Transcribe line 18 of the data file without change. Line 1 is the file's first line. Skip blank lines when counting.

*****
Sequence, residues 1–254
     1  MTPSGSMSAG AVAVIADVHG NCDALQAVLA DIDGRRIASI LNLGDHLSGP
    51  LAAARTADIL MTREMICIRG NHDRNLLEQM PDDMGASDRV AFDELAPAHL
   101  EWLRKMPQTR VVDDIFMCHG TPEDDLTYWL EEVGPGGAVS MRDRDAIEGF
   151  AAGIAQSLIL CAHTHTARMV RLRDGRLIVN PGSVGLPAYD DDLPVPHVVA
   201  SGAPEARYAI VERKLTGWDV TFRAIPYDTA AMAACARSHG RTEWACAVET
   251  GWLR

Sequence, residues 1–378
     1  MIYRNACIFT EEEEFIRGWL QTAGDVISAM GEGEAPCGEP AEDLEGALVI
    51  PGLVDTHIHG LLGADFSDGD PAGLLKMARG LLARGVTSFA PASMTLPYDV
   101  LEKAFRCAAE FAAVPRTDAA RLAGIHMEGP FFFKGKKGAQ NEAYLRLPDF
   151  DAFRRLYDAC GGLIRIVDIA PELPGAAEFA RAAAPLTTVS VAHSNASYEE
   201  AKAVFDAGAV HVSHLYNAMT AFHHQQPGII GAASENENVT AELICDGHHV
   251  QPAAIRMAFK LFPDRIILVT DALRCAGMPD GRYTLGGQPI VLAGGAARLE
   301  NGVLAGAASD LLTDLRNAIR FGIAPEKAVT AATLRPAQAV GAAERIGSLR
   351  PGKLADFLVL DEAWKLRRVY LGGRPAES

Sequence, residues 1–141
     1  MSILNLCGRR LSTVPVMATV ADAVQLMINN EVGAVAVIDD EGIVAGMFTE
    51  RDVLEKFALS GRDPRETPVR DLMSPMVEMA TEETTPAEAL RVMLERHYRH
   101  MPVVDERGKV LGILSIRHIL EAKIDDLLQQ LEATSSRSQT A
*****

     1  MSILNLCGRR LSTVPVMATV ADAVQLMINN EVGAVAVIDD EGIVAGMFTE